Imagine a pipe has burst and there is water flowing like a river through your home.  There may a cut-off valve to each sink if it works and if that’s where the leak is coming from. Your home may have a master cut-off valve but if you haven't used it before, you might not know where it is. The last resort is to cut off all the water to your house at the meter.

In most cases, you'll need a key to get into the meter.  With water starting to rise in your home, concern over the damage being done may add to your anxieties.  You don’t have time to call a plumber or even go the store to buy a water meter key.

Emergencies are handled much better when you plan for them in advance and practice, even though you hope you’ll never need it.

1. Determine what kind of key you need to open your water meter.
2. Purchase it at the home improvement or hardware store.
3. Practice opening the meter to be able to do it quickly and easily.
4. If your meter key doesn’t have a wrench on one end, you need a wrench to turn the water valve.
5. Practice turning the water off just to see how it works and feels.
6. Put the key in an obvious and conspicuous place.
7. Have the phone number of an emergency plumber, just in case you need it.

While you’re planning for the unexpected, it might be a good idea to show some of the other family members how it works and where you keep the key. 

Home Sales Up in 3 of 4 Regions

by The Mike Parker Team

2-19 NAR MapSome industry gurus are questioning whether the housing momentum we saw early in 2013 began to dissipate later in the year. The more dramatic have claimed the housing sector is still on shaky ground. Others have blamed the slowdown in sales on a lack of consumer confidence or rising interest rates.

The National Association of Realtors (NAR) just released their 2013 4th Quarter Housing Report. The report revealed that home sales numbers barely outperformed (an .08% increase) those in the 4th quarter of 2012.

We believe the leveling in home sales is directly attributable to a lack of salable listing inventory; specifically in the West.

Three of the four regions in the NAR report had an increase in sales: Northeast (+7.1%), Midwest (+2%) and South Regions (+3.6%). A big fall-off in sales occurred in the Western Region. The dramatic fall-off in the West (-8.1%) can be directly linked to a shortage of inventory in their hottest markets.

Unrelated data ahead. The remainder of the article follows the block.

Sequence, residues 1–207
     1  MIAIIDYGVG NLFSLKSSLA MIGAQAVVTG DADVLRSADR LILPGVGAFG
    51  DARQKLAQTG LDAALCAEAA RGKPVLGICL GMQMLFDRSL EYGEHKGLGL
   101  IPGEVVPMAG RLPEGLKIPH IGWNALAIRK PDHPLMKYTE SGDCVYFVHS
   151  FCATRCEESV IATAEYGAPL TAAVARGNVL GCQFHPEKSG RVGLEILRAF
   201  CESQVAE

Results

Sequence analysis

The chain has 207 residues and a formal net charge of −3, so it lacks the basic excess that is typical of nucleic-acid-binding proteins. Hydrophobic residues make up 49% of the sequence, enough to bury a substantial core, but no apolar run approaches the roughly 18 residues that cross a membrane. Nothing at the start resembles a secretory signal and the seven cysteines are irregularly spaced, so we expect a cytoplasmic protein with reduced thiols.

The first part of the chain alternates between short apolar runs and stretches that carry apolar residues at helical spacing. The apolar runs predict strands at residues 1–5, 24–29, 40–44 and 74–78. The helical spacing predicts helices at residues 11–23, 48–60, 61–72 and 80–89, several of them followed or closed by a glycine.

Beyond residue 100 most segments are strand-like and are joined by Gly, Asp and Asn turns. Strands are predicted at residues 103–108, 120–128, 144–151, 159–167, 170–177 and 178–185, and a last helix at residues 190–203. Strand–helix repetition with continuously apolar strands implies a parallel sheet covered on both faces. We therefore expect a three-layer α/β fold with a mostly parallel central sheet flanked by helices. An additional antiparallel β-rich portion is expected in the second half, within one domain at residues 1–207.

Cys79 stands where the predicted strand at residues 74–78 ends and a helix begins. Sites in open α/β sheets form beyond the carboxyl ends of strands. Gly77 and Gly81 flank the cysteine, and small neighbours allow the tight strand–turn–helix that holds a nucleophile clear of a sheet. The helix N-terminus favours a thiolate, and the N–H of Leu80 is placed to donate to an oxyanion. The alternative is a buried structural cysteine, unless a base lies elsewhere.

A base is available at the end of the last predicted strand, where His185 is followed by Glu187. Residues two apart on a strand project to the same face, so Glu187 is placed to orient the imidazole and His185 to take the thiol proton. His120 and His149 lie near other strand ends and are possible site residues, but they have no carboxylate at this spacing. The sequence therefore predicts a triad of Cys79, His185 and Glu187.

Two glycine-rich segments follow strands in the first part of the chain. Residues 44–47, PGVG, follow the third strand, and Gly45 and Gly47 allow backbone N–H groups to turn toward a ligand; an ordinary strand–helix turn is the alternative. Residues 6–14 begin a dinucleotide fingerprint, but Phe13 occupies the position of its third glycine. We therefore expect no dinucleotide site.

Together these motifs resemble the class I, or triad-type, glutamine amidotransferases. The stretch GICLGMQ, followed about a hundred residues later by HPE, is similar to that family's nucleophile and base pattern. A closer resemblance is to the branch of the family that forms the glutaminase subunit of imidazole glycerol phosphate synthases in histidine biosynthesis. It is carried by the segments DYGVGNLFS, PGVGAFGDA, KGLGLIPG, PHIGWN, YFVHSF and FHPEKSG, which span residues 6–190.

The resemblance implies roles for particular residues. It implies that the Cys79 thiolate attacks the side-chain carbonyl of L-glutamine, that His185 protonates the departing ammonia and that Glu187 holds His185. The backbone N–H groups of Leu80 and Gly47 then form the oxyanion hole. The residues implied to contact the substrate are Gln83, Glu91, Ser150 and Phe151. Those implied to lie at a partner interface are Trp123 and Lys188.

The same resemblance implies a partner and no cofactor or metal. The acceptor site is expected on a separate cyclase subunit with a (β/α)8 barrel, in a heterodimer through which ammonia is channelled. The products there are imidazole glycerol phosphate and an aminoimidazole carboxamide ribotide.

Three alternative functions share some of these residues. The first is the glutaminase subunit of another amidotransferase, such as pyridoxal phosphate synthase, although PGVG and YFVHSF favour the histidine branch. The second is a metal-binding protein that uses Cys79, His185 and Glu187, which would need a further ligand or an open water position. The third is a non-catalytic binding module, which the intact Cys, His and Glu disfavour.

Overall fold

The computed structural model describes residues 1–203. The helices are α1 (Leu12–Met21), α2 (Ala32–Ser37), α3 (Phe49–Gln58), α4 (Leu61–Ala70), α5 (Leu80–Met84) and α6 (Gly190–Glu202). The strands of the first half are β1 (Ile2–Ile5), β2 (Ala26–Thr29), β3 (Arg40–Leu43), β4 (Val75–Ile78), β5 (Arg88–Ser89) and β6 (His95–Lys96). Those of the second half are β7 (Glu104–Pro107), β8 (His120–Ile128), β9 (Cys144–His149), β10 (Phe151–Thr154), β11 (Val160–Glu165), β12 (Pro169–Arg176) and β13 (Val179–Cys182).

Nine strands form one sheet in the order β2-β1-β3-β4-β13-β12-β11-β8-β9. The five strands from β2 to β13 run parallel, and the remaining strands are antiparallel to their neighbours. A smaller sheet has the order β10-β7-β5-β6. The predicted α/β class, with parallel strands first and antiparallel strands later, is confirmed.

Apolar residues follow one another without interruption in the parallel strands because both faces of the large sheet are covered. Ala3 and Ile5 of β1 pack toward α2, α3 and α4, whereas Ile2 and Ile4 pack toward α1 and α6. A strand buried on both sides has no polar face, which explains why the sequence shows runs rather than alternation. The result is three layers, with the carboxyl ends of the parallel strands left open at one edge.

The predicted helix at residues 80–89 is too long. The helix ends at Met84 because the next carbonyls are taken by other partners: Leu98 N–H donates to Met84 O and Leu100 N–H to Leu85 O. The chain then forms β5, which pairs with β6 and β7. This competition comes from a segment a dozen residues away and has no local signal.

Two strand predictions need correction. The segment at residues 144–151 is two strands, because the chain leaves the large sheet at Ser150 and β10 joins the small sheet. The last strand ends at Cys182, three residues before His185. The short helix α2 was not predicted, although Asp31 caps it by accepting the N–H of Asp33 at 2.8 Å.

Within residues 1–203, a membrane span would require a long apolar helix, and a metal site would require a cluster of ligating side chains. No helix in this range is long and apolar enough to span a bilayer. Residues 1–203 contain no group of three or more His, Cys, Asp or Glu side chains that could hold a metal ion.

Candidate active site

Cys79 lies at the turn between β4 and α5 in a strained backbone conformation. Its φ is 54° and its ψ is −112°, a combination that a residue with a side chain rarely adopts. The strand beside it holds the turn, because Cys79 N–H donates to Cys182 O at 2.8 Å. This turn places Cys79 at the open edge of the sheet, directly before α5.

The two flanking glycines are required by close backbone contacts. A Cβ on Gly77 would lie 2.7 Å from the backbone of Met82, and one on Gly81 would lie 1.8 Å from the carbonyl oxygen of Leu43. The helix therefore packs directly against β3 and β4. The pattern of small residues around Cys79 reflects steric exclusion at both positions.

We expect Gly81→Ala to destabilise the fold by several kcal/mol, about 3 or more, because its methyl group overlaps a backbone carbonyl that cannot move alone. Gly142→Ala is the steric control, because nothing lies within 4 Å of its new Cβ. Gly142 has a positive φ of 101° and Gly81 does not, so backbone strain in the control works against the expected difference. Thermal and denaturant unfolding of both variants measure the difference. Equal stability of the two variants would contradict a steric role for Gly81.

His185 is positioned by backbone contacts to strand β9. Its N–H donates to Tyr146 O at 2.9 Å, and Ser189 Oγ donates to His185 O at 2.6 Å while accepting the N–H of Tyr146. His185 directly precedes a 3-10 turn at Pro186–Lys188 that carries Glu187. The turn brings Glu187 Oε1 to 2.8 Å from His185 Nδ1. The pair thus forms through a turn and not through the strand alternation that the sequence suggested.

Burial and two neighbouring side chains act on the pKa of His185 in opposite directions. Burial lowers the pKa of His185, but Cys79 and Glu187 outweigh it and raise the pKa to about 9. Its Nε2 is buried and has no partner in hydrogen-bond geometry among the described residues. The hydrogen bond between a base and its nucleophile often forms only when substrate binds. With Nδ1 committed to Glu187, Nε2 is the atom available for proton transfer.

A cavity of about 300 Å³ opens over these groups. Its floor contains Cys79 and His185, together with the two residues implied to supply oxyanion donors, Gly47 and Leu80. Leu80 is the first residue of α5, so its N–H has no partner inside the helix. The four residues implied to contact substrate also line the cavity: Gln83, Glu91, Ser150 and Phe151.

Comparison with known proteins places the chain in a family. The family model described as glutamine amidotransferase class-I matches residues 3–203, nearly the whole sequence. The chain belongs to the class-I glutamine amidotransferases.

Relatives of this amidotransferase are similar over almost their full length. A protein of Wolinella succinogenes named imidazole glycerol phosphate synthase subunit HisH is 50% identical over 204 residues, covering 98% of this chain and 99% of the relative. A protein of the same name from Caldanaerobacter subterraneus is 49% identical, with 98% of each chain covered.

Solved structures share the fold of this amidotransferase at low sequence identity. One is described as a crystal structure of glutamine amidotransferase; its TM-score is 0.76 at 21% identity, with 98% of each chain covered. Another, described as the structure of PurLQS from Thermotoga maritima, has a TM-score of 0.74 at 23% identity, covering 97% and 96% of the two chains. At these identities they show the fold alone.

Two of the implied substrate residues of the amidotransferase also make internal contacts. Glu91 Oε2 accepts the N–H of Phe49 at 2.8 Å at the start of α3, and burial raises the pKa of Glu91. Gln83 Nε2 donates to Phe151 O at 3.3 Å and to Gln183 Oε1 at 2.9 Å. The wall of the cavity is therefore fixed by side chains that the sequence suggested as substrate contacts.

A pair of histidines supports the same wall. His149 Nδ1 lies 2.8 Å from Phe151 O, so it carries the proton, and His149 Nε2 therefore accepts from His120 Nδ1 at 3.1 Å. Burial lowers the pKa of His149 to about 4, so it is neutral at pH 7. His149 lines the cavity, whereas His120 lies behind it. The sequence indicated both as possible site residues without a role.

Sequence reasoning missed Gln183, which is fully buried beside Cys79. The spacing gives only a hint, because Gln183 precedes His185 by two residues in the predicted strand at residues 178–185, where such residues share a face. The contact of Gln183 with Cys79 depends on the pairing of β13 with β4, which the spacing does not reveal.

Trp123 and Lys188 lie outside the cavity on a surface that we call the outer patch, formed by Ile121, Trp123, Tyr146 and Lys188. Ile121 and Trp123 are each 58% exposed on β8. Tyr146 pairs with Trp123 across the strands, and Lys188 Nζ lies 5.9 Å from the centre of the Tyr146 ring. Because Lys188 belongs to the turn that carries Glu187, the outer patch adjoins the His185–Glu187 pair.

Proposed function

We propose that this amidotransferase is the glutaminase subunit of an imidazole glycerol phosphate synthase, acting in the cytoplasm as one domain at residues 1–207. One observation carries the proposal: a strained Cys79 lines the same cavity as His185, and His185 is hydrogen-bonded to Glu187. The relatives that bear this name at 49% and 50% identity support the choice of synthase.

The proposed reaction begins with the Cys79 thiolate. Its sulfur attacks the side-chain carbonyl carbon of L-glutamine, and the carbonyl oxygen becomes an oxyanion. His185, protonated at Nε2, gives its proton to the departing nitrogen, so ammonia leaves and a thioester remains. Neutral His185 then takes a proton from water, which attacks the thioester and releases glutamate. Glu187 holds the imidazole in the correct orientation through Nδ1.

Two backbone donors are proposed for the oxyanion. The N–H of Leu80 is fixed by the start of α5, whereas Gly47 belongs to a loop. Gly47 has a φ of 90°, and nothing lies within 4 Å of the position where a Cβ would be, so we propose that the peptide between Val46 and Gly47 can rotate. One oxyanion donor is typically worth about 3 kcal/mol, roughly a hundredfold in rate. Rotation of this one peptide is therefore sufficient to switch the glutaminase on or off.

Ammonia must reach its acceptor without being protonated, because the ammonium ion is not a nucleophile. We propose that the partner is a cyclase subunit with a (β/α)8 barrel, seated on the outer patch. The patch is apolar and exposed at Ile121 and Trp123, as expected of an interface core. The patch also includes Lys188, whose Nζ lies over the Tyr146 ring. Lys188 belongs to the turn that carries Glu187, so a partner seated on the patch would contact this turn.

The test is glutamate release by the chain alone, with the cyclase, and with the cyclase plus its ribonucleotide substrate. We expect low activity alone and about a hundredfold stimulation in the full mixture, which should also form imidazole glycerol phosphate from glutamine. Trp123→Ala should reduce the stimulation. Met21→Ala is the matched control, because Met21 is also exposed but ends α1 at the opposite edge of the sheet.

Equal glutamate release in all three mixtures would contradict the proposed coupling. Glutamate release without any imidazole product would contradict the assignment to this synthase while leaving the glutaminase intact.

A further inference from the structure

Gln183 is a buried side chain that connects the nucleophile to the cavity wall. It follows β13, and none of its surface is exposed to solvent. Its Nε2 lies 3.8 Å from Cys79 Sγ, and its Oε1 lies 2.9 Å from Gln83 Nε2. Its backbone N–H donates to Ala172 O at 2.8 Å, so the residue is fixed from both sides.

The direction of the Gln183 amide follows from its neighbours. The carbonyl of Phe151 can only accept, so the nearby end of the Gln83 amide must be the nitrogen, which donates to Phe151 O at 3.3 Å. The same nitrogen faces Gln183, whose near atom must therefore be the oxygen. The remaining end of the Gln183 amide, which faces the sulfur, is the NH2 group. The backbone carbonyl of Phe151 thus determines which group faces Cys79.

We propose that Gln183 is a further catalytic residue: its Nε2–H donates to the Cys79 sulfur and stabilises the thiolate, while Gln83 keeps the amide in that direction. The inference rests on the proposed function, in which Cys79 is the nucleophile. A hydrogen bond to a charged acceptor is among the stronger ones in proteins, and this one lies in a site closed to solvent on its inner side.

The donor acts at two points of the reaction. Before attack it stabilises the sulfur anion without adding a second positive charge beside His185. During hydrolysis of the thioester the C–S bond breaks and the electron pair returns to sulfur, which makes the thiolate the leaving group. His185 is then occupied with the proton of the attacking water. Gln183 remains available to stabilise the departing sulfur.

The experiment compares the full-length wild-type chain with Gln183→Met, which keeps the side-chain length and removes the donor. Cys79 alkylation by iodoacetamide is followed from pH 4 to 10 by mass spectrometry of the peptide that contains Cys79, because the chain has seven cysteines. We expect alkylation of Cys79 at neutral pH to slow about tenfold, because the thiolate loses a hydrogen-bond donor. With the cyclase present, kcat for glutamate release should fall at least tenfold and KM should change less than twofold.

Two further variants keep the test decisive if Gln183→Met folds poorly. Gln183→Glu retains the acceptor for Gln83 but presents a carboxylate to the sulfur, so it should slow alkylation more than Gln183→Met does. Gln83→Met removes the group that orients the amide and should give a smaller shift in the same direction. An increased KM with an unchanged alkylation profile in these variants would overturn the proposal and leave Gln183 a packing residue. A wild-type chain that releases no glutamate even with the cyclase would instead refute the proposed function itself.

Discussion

If the decrease in sales was caused by an eroding of consumer confidence and/or rising interest rates, we believe each region would have seen similar decreases.

*All Info Taken From Keeping Current Matters

Reasonable Expectations

by The Mike Parker Team

 

Coffee should be hot. Beer should be cold. Mexican food should be spicy.  However, if these things are less than the standard that you expect, there are not any lasting consequences.

As the value of the object in question rises, either in price or gravity, the expectations usually increase and decisions become progressively more important.  Marriage, children, health and careers are certainly a few of the more important items that bear careful consideration.

The sale of the largest asset that most people own, their home, also merits having reasonable expectations.  A homeowner should expect to get the market value for their home in a reasonable period of time with as few inconveniences as possible.

According to the latest Home Buyers and Sellers Survey, more homeowners are entrusting the sale of their home to real estate professionals.  Owners can increase the likelihood of a favorable outcome by sharing their expectations with agents prior to listing their home for sale.

Challenge your agent to explain what they intend to do to:

  • Price the home correctly
  • Prepare the home to make a good impression
  • Position the home in the marketplace

It is reasonable for a seller to expect the agent will work hard to sell the home; will tell the truth and represent the client’s interests to the best of their ability.  Agents exemplify remarkable service when they when they exceed the seller’s expectations. 

Displaying blog entries 1-6 of 6

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Photo of Mike Parker - CRS Real Estate
Mike Parker - CRS
HUFF Realty
60 Cavalier Blvd.
Florence KY 41042
859-647-0700